This report is the first National Community Health Strategy Malawi has produced, spanning from 2017 to 2022. This strategy is intended to work towards achieving Millennium Development Goal number three: universal health care. The main focus of this strategy include: integration of health services, community engagement, and sufficient and equitable distribution of well-trained community health workforce. Efforts will also support maintaining sufficient supplies, transportation, and infrastructure. This strategy provides a guide and framework to introduce community health into the pre-exi
Critical shortages in the health workforce in many developing countries - specifically the number, skills and geographic distribution of health workers - pose a significant challenge to the achievement of universal health coverage and the Sustainable Development Goals (SDGs). Increasing attention has therefore been focused on the potential of community health workers (CHWs) to expand access to essential health services, particularly in low- and middle-income countries.
Close-to-community (CTC) providers can help actualize universal health coverage and support the sustainable development goals, as described by a series of Human Resources for Health papers recently published. This editorial discusses the role of CTC providers in the community, strategies of support, and the necessity of such programs for improving health care coverage across the globe. In order to accomplish this, more research should be conducted to inform CTC provider programs how to best approach different contexts and provide quality health care.
When trusted, Community Health Workers (CHWs) can contribute to improving maternal and newborn health outcomes in low- and middle-income countries through education. Issues of acceptability of CHWs by communities were explored through experiences gained in a qualitative study that is part of a cluster randomized trial in East Uganda.
During the past 10 years, community health workers (CHWs) have emerged as a focal point of international discussions on primary health-care systems. Although lay community-based health workers have been active for at least 60 years, the Millennium Development Goals (MDGs) in 2000 prompted new discussion of how these workers can help to extend primary health care from facilities to communities. CHWs have since been part of an international attempt to revise primary health-care delivery in low-income settings, and CHW programmes have been changed accordingly.
The community health framework is intended to support Ministries of Health in developing and strengthening programs for improved community health outcomes. The intention is for USAID missions and other advisors to use the framework to structure a dialogue, develop recommendations, and foster continuous learning with Ministries of Health. This presentation is a fantastic resource for understanding and supporting community health programs and networks.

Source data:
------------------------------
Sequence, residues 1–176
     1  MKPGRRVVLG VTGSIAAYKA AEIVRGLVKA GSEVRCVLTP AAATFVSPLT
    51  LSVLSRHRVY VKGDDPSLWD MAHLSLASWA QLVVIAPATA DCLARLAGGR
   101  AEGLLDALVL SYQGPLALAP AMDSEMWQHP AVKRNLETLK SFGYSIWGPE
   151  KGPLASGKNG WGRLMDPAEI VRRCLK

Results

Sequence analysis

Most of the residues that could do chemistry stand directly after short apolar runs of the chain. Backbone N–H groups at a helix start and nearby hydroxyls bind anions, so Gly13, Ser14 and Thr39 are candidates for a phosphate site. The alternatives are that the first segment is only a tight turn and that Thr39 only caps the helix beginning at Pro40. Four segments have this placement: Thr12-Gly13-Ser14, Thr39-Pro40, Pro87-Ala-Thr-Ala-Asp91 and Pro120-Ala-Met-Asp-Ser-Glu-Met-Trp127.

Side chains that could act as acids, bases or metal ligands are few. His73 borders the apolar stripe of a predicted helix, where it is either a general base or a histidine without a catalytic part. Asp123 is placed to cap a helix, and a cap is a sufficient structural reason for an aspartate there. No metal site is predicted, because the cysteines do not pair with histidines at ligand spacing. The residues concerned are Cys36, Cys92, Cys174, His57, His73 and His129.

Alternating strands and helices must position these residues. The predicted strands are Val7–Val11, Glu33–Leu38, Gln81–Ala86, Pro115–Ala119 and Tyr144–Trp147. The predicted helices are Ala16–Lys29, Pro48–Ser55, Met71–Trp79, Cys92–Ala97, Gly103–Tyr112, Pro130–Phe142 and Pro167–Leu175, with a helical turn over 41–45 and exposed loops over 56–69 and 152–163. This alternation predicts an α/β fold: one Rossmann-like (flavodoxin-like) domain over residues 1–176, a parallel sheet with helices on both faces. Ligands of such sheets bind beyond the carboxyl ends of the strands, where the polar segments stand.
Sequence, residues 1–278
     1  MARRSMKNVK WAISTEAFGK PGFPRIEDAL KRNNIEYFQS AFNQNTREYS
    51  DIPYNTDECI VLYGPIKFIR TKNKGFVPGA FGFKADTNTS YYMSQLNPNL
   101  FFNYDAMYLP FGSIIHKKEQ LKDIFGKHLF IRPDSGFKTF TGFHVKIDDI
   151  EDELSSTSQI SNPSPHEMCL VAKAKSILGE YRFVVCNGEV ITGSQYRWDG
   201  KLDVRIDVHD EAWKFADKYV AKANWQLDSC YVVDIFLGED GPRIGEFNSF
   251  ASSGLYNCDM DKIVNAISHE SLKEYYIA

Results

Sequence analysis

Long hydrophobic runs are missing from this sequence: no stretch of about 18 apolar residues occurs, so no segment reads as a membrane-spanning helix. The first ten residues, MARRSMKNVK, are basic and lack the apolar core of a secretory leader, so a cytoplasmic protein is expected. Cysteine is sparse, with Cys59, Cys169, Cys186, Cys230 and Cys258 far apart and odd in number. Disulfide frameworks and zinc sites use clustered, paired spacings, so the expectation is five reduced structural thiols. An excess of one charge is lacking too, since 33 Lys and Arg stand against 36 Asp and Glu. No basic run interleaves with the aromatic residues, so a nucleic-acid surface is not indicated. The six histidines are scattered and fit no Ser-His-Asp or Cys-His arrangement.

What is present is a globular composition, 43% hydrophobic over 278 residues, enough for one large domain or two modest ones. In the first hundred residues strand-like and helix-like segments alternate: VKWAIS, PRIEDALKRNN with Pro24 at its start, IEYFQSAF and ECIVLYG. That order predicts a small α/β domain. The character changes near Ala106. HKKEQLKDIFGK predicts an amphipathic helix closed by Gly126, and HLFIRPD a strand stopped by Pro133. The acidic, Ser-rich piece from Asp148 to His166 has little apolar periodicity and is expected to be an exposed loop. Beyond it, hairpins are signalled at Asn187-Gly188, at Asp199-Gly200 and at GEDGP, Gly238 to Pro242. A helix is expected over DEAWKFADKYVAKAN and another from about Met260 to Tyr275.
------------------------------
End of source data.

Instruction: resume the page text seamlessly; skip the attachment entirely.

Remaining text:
Several African and South Asian countries are currently investing in new cadres of community health workers (CHWs) as a major part of strategies aimed at reaching the Millennium Development Goals. However, one review concluded that community health workers did not consistently provide services likely to have substantial effects on health and that quality was usually poor. In addition, it suggested that all stakeholders need to focus on weak points in the functionality of the CHW program and ultimately the CHWs’ performance.
In an attempt to address a complex disease burden, including improving progress towards MDGs 4 and 5, South Africa recently introduced a re-engineered Primary Health Care (PHC) strategy, which has led to the development of a national community health worker (CHW) programme. The present study explored the development of a cell phone-based and paper-based monitoring and evaluation (M&E) system to support the work of the CHWs.
Despite the progress some countries have made in scaling up CHW programs, many countries that would benefit from strong CHW cadres currently have only ad hoc, sub-scale programs. This problem extends even to high-income countries that would benefit from CHW programs to provide cost-effective care and battle chronic disease. Countries wishing to scale these programs using a coordinated national strategy face many challenges.
In this commentary, we discuss a photography competition, launched during the summer of 2014, to explore the everyday stories of how gender plays out within health systems around the world. While no submission fees were charged nor financial awards involved, the winning entries were exhibited at the Global Symposium on Health Systems Research in Cape Town, South Africa, in October 2014, with credits to the photographers involved. Anyone who had an experience of, or interest in, gender and health systems was invited to participate.